Pentagram Research Centre Private Limited


An Indian Private Limited company incorporated at Hyderabad, India


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  Pentagram Research Centre Private Limited organized pursuant to the 1956 Indian Companies Act, is executed effective as of date February 27, 1997, by the Directors (i) Chitra Govindarajan (G. Chitra) and (ii) Govindarajan Ethirajan (E.G. Rajan) with its corporate office in Hyderabad, India

Highway Crime Prediction / Prevention

  Threat Avoidance Control (TAC) Version 1.0


Basic Philosophy

Threats are inevitable since every entity is a threat to itself and to every other entity in a bounded or unbounded, spatial or functional neighborhood. Threats due to individuals or groups are intentional, whereas those due to natural elements and other living species are unintentional. Threat management and control is an ability naturally gifted to all living species. Living species intuitively understand prowling threats in a neighborhood, based on experience and retain their location or undertake relocation by getting into threat management and control mode.

Travelling Motorists Problem (TMP)

A motorist R intends to travel in a particular direction to reach his predetermined destination. He has to avoid certain zones which might pose security threat to him and at the same time he should not sway away from his destination. The security status of zones ahead of his current position is unknown to him. This is what we call as 'Travelling Motorists Problem (TMP)'.

Scope for solving TMP

The problem that arises in this context is whether it is possible to provide a motorist a software support system that predicts the security status of a zone at a particular instant of time based on knowledge about crimes committed by individuals and groups over a period of time and other collateral information and suggest him a safe route which we call as ‘escape route’.


Lattice Grid Model for solving TMP

The basic model that is used in developing the system is described below. Let us assume that R→L1 is the intended travel direction of a motorist. The first threat possibility is due to a single security threat posed to the motorist from the direction L0R. This threat position is pictorially represented in figure given below. The presence of a 1 in a cell indicates the presence of a threat in that zone.

Now the motorist R can change his direction of motion to any one of the following ones: RL1, RL2, RL3, RL4. They are called ‘escape routes’ R can also adjust his speed depending on the threat level at zone L0. The motorist would confront 32 types of threat positions at any location at any instant of time. These 32 threat positions are shown below.


Legend: 0 → Threat-free zone; 0 → Threat prone zone; 1→ Threat zone; 0 → Unknown zone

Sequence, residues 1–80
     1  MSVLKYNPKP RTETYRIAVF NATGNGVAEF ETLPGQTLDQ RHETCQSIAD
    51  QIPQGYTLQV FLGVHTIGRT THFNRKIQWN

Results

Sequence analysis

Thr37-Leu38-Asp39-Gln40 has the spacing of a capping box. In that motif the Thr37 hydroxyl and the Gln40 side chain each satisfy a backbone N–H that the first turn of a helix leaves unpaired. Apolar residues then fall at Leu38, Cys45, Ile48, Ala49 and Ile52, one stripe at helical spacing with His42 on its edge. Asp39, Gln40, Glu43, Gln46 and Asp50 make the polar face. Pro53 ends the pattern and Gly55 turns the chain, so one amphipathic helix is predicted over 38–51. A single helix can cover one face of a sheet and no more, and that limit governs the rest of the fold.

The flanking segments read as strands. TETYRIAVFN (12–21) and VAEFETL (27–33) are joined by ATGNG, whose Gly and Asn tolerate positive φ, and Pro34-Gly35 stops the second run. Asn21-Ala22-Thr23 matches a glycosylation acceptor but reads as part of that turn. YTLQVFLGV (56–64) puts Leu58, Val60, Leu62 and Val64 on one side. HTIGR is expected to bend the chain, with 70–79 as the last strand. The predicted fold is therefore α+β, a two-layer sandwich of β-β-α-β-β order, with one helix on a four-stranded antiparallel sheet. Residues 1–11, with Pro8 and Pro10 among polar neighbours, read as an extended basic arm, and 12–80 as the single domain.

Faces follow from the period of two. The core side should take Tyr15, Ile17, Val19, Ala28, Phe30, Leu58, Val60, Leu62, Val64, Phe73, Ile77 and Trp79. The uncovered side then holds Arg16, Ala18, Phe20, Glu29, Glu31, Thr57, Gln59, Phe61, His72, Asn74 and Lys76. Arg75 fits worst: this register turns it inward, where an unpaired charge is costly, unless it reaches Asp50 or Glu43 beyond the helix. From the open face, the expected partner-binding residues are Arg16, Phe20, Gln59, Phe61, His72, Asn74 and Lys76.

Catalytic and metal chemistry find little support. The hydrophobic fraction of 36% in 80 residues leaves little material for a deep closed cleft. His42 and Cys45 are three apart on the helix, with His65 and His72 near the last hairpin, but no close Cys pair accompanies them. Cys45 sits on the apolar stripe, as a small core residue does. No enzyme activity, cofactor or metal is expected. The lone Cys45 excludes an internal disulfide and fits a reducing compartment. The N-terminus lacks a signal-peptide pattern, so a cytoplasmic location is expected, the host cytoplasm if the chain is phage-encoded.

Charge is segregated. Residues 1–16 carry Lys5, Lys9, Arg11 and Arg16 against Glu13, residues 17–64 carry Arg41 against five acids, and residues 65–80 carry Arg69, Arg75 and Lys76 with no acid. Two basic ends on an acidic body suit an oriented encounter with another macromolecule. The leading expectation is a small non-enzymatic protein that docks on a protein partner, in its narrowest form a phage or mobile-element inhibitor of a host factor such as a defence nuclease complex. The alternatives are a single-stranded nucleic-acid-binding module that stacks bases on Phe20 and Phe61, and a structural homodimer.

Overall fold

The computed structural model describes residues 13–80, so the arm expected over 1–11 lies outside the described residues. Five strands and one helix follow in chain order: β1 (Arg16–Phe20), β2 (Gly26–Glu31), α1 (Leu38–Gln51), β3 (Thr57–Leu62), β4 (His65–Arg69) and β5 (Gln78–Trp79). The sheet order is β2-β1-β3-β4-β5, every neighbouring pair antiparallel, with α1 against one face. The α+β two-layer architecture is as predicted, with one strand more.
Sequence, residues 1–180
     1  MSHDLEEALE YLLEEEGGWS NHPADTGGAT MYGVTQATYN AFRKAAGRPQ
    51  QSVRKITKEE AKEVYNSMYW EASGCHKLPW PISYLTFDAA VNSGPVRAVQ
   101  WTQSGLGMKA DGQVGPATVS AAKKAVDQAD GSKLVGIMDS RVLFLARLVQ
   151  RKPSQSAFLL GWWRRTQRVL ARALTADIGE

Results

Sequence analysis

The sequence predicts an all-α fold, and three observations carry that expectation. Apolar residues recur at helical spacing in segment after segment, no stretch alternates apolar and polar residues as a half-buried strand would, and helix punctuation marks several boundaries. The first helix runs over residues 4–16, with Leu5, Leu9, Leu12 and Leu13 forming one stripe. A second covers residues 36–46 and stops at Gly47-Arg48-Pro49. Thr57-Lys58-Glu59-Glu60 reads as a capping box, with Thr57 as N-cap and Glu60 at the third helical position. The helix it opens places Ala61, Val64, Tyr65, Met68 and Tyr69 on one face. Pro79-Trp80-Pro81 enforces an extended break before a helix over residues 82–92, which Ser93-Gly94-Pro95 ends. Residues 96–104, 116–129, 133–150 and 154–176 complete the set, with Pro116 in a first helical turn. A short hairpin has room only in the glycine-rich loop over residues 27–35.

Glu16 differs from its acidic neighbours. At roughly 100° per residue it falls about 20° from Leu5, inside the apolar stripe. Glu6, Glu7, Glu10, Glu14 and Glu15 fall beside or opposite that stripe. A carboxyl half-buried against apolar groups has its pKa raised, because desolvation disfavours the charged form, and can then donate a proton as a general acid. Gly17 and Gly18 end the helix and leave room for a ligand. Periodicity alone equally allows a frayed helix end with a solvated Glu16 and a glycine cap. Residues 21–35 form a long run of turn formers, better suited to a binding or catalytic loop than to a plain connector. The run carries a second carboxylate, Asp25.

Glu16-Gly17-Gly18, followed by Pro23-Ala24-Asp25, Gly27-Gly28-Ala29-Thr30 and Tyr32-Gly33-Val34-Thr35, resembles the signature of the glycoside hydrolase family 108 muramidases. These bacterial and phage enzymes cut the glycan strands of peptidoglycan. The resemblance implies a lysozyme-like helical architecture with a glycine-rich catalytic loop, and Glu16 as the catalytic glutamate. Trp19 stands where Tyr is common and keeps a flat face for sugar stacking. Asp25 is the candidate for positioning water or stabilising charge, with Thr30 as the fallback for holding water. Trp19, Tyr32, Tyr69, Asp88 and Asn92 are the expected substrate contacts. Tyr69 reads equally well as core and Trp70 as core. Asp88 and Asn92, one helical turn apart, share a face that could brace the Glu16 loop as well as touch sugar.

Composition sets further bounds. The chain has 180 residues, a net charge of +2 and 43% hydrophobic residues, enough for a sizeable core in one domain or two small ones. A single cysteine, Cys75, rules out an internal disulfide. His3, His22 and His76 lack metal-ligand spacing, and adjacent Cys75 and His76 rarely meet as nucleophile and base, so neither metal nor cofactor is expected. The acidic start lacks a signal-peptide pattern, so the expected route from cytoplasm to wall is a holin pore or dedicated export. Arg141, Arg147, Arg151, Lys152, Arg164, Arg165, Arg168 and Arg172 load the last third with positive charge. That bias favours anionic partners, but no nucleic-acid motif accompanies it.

At every moment and location, the motorist has to decide his escape route based on the a priori knowledge about the current threat position. Unfortunately the motorist may not  know the security issues associated with the spatial neighborhood of his current location and moment.This integrated product which is an expert system dynamically estimates security status in terms of 'Threat Indicator' to the motorist and hence it plays a very significant role ensuring safe and threat free travel to all those motorists who use this facility.

  Background Technology Preliminaries

The basic model proposed here shows two adjacent zones L3 and L4 and three zones L0, L1 and L2 ahead of the present location of a motorist. Each zone could be assumed to be of one square kilometer area (this can be changed by the user using his hand held device). Basic assumption before getting into further discussion is that security threat is all pervading and it is a time variant phenomenon. Threat-free zone is a momentary status and so is the permanent threat zone. The motorist has to decide his safe route (called escape route here) based on a priori knowledge about the surrounding zones which he is unlikely to have and predict current situation. Nor he has time to carry out huge calculations before getting into next zone. In this context, this software support system would take up this responsibility of predicting what could happen to him if he gets into a zone which may be safe or hazardous for him. The system evaluates the threat index for every surrounding zone in a chosen neighborhood and suggests the best safe zone with least threat index. The calculation is carried out dynamically at every chosen time and location of the motorist using the time varying crime statistics and other required collateral information associated with chosen zones for the past chosen periods of time. All these amount to saying that the calculation or prediction of a threat index of a zone is a very complex operation which involves machine learning techniques. On the need to know basis of the motorist, the system would choose a binary hypothesis testing or an M-ary hypothesis testing to predict threat index of a zone. These two hypothesis testing are outlined below very briefly.

Binary and M-ary Hypothesis Testing

Binary observation space is divided into H1 and H0. L(y) is the predicted threat index and it is either a 1 or a 0. M-ary observation space is divided into H0, H1, H2,...., HM-2, HM-1. L(yj) is the predicted threat index which ranges from 0 to M-1.


In the case of binary hypothesis testing, threat-free zone is suggested to the motorist for the next move. In the case of M-ary hypothesis testing, the zone with the minimum threat index is suggested for the next move. Thus a safe route is shown to a motorist continuously by the system present in the hand held device of the motorist. A stringent reliability testing of this software support system is under way now. However, overall reliability depends on the genuineness of the crime statistics provided periodically by the security and other agencies.


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